The drama surrounding Don’t Worry Darling has created a cloud of disenchantment and avoidance, and I’m here to tell you – the more I think about this movie, the more I love it.
I’ve always been a sucker for mid-century era films, especially contemporary representations of that time period. In a dreamy sci-fi atmosphere, this movie borrows elements from the classics while compacting them and brining forward new concepts and visual ideas. The film doesn’t necessarily break new ground in the genre, but what it excels at is executed with grandeur and charm.
Florence Pugh carries Don’t Worry Darling from start to finish, and the discipline with which she artfully crafts her performance sends the point home better than anything else in the story. I am constantly amazed by how much attention Florence commands from me with little effort, and this coupled with the perfect stylization of the film bring this story to a larger than life scale. This in itself is just one of the reasons that I sat there in the theater and experienced this movie in the moment with complete and utter joy.
Harry Styles’ mediocre performance isn’t that bad, and while I believe that the plot could have been fleshed out better if we had had a truly seasoned actor to bring a more sinister quality to Jack, I’m giving him a hall pass. He doesn’t necessarily ruin the vibe, but he ultimately just doesn’t bring the same heat as Florence.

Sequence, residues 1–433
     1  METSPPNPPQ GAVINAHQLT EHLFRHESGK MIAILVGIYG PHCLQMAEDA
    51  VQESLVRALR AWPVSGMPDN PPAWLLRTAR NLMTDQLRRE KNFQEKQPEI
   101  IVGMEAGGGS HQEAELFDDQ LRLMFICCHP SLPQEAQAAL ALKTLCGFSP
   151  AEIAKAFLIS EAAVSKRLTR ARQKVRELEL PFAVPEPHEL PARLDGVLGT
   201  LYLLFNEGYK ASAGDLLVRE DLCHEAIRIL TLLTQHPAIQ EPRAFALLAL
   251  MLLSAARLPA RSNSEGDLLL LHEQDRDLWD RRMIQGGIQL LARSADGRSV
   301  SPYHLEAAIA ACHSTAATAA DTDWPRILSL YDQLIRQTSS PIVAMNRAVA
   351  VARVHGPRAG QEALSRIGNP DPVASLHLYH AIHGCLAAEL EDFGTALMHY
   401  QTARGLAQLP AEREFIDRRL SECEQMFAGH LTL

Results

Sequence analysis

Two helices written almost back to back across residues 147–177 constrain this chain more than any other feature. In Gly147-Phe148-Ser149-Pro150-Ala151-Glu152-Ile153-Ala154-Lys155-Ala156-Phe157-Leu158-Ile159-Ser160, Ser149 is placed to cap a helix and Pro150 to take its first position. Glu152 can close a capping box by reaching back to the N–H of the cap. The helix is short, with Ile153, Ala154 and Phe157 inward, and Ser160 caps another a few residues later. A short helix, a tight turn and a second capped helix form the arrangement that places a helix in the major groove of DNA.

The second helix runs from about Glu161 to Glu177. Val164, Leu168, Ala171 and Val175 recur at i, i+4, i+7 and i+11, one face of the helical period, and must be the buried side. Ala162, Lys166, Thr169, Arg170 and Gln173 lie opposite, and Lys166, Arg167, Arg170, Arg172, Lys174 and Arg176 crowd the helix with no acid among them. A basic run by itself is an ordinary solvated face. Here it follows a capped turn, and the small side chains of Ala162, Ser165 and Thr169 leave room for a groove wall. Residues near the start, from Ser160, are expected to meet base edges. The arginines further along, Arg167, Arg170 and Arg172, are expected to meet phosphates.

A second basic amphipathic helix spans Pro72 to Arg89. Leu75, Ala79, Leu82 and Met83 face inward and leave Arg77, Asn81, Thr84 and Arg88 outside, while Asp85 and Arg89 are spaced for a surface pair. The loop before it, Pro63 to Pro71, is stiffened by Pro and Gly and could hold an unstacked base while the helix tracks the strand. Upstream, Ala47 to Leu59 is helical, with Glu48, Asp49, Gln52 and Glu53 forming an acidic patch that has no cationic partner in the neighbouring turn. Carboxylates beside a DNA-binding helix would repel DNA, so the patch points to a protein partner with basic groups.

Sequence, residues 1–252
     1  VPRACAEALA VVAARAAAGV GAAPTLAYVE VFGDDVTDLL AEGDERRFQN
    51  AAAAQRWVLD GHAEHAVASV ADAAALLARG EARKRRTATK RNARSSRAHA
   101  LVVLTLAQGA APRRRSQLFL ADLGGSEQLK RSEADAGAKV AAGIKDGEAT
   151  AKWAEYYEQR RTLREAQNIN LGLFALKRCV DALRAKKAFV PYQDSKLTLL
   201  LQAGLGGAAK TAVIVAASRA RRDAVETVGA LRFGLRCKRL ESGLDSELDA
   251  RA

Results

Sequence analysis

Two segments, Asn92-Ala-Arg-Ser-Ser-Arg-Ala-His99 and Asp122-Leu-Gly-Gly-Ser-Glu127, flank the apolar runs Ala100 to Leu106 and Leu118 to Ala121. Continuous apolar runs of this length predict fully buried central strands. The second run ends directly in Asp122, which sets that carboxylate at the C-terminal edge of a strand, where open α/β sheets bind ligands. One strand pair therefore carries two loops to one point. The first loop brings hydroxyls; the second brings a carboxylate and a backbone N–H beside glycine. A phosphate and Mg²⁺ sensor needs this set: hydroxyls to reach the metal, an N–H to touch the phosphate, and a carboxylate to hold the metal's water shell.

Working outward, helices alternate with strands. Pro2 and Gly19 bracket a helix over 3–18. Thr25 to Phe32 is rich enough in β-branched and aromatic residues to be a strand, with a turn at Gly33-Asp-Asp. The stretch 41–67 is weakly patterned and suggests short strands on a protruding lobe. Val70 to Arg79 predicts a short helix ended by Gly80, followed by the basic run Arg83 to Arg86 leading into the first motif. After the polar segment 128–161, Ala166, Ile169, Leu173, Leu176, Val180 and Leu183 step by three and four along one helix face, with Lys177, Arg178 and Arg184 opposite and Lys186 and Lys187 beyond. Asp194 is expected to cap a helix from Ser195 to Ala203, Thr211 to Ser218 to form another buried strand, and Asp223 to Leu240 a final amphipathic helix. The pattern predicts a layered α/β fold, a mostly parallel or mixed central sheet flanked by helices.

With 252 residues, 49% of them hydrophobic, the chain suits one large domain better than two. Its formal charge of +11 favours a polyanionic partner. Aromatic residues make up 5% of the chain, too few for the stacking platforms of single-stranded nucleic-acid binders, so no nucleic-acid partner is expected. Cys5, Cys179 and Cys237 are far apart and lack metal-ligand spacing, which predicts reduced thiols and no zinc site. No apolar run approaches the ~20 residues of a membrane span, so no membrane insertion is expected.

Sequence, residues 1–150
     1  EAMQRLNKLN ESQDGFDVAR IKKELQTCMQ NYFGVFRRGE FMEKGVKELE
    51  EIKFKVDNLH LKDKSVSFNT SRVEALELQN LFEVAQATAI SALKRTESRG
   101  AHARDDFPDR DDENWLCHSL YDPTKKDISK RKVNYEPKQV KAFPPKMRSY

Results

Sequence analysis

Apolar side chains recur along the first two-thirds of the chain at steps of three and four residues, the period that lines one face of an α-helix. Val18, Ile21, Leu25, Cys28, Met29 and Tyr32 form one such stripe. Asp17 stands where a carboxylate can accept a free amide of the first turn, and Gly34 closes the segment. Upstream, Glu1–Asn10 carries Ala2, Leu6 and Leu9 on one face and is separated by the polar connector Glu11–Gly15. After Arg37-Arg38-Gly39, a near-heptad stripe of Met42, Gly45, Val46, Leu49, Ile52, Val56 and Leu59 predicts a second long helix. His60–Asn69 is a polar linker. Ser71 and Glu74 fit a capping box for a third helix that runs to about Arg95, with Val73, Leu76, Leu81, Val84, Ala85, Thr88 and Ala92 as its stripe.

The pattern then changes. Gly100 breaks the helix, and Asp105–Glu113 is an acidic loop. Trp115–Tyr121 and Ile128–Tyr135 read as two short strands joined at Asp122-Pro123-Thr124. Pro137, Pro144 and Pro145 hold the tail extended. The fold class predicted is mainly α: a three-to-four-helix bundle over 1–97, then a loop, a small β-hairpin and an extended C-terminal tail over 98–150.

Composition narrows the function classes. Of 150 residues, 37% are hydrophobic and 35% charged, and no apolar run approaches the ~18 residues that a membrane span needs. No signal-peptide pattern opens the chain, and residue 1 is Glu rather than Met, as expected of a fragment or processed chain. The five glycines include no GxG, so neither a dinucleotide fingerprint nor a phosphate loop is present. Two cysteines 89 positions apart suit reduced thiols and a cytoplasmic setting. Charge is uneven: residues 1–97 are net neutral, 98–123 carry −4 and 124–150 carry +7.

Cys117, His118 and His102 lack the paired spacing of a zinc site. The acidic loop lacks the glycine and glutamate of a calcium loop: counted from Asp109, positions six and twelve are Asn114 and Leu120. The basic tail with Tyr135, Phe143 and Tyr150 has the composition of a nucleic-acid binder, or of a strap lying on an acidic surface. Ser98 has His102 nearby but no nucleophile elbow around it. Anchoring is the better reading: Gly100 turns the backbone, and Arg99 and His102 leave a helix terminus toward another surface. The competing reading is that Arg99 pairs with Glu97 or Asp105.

Director/actor Olivia Wilde shines as Bunny, and any pre-conceived ideas about her due to tabloid fodder melted away as I remembered just how much I truly enjoy her performances as an actor.
Don’t Worry Darling is no small feat for Olivia’s sophomore effort- it is gigantic, beautiful, and impressive even for its shortcomings. Looking past the common hang ups with this film, and going in with an open mind, I think people will find that incredibly sacred big screen magic we’re always looking for when we buy the popcorn and settle into the dark cozy blanket of what going to the movies is all about.